Packing List: Gear for the Great Divide Trail
The Great Divide Trail (GDT) is a rugged, remote thru-hike through some of Canada’s most pristine wilderness. The Canadian extension of the Continental Divide Trail is riddled with long resupplies and notoriously inclement weather.
As with all thru-hikes, finding gear that works for you and the terrain is key. And due to the remoteness of the GDT, there aren’t a lot of options for swapping out gear along the way—so it’s important to get it right on your first try as much as possible. Below are some tips and suggestions for choosing gear for your GDT hike.
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One of the most hotly debated topics on GDT gear is tents. Single-wall vs. double-wall, the never-ending dilemma. On the GDT, the vast majority of people have double-wall tents. Lots of moisture (rain or snow) and colder temperatures mean single-wall tents will be battling condensation, and wet weather can turn that condensation into a mini rainstorm inside your tent.
That being said, I used a single-wall Zpacks Duplex for about half the hike and found ways to deal with it. One oversight I had, however, was not having a tent that could stake down low enough. The Duplex vestibule doors don’t stake particularly low, so I had a lot of splashback during the early July thunderstorms. Picking a tent that can handle stormy weather and can pitch low enough is key.
Dan Durston of Durston Gear designed his X-Mid tent specifically for handling the weather of the Canadian Rockies while he was on his GDT yoyo; it is by far the most popular tent on the GDT and everyone seems to love it.
Related to tent selection, the bugs can be exceptionally bad on this trail, so having a safe space to chill can save your mental health. A friend started out with a tarp and bivy but swapped after one week because he didn’t have anywhere to sit up with protection from the bugs.
In contrast to sleeping in the desert where there are countless sharp, pointy, prickly things that want to pop your sleeping pad, the GDT generally has excellent campsites, which are mostly designated sites. Using an inflatable pad is pretty safe and you won’t be living in constant fear of popping it every night. It can get pretty chilly at night, and will frequently drop below freezing so choosing an actual 3-season pad with an R-Value above 3 will help keep you warm.
The dependably warm and cozy feeling of hopping in your sleeping bag or quilt every night can’t be beat, especially when you are wet and cold. With temperatures frequently below freezing and the potential to be sleeping in a snowstorm, choosing a warm sleeping bag can go a long way. I used a Katabatic Flex 22 and loved it, but I do sleep on the warm side, so if you aren’t a warm sleeper I would bump it down to a 15-degree quilt. As this is a Canadian trail, if you are looking to support Canadian companies check out Little Shop of Hammocks! Just make sure to note their lead time as it can be very long in the spring.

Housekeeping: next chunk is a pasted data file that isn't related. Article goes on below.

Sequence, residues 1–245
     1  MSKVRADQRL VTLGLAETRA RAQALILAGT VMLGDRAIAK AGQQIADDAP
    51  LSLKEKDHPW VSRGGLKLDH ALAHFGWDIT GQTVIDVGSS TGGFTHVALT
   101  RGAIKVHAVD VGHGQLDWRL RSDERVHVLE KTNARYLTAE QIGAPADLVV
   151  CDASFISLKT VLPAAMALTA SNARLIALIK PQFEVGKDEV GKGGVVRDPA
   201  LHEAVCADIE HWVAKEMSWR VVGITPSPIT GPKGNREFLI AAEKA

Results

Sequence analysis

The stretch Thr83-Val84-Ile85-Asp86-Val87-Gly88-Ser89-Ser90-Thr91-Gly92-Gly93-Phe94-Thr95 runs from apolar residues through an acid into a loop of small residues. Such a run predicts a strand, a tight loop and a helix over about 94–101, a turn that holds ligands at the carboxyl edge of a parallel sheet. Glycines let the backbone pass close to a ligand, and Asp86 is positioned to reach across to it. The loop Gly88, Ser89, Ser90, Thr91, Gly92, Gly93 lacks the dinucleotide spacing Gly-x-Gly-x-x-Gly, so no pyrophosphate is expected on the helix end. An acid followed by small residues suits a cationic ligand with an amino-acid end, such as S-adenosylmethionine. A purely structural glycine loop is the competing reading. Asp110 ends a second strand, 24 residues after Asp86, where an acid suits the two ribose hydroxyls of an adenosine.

A pack is personally my favorite piece of gear to purchase. It’s your little buddy that hugs you for weeks straight and helps you carry your whole life with you. With long resupplies, most people will opt for a larger pack than they might have carried on other long-distance trails. To give this a bit of context, on average there are 5 resupplies on the GDT: a 7-day, 8-day, 7-day, 4-day, 8-day, and a 10-day. Seven days is a lot of food, and 10 days feels like way more. Of course, some people will go faster or slower but this is the average.
While I can usually get away with a frameless pack, I opted for an HMG 3400 Junction for this trail because I knew I would be carrying 20lbs. of food and water on multiple occasions. The sweet spot is somewhere between 45 and 65 liters, depending on the rest of your gear. Also, due to the river crossings and wet weather, a lot of people will choose waterproof materials like DCF or X-Pack. If you are looking to support Canadian companies, there are two great options: Northern Ultralight and Durston Gear. Definitely bring a pack liner.
Boots are still overwhelmingly popular in Canada, the trail-runner craze seems to have stopped at the border. I’m not here to argue that someone should pick trail runners over boots but there are definitely a few considerations that should be part of your footwear decision. You will be getting wet, no matter what footwear you choose. Morning dew, river crossings, ankle- to knee-deep mud. I don’t care if it’s waterproof, you are going to have wet feet. Trail runners just dry much faster. Secondly, there will be some sections without a distinct trail. While this will be more prevalent on some alternates, there will be cross-country travel through scree and alpine meadows. I can confidently say that this probably isn’t the hike to test out how extreme you can take your Chacos.
Rain gear is a must for the GDT, you will hike in the rain and likely through the snow. Don’t make the same mistake I did, which was putting trust in gear that wasn’t ready to handle continual downpours and moving through brush for hours on end. I had OR Helium Pants and simply put, they did not keep me dry. I did have a three-layer Gore-Tex Jacket that did work well but not everyone may be prepared to spend $400+ on a rain jacket. A few people on trail with Frogg Toggs and really liked the jacket but the pants quickly shredded from hopping over logs or hiking through brush.